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Siren of the Sea: Painter Elizabeth Mumford

Citing Ralph and Martha Cahoon as significant influences in her work, Mumford paints what is simply described as folk art, but like the Cahoons, her work is not only an archetype of New England’s history, but also an allegory of our present and hopeful future. Mermaids, sailboats, New England architecture—they are all regular elements of Mumford’s work, but her thoughtful inclusion of unexpected items or historic landmarks are the details that keep the work from being too saccharine.

The scores of scenes Mumford has created, most originals in oil and then reproduced as giclee prints, are too numerous to count, but several exist in the collective conscience of lovers of the Cape and Islands. “Cape Cod Dogs” depicts a lascivious Yellow Labrador sitting at the bar of a tavern eyeing the available female clientele. “Cape Cod Girls” and “Cape Cod Boys” present a bucolic childhood that involves inventive use of Mother Nature’s bounty as though the children’s whole world was full of magic, forts and fantasy. The paintings are embraced (literally) by Old World adages that deliver the final punch with Mumford’s distinctive humor.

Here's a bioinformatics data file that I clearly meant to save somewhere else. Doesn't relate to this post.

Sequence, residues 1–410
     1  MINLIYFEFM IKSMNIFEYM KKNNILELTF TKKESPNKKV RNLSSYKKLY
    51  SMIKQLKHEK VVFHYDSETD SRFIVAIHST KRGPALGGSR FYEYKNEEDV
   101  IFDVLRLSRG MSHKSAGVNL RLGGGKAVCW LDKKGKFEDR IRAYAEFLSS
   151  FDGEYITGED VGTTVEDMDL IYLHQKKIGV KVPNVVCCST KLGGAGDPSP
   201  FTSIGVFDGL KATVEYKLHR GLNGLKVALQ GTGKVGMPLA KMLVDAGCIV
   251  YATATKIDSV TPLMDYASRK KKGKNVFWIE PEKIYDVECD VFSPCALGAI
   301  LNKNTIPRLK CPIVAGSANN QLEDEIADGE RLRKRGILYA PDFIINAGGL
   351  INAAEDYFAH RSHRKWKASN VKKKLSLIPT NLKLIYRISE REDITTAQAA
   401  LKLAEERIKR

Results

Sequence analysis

Her humor is as essential an element to her work as the oil, brushes and canvasses that fill the corners of her space. Her bright and inquisitive spirit is the driving force of what can only be described as a very special life. Her love of history, art and culture is evident in her work, but for anyone who is lucky enough to know her, that is certainly not a revelation. Because just a simple conversation with Mumford, with her blues eyes sparkling, will involve a story that provides a glimpse into true Americana, and like most good stories, a bit of humor provides the memorable flavor.



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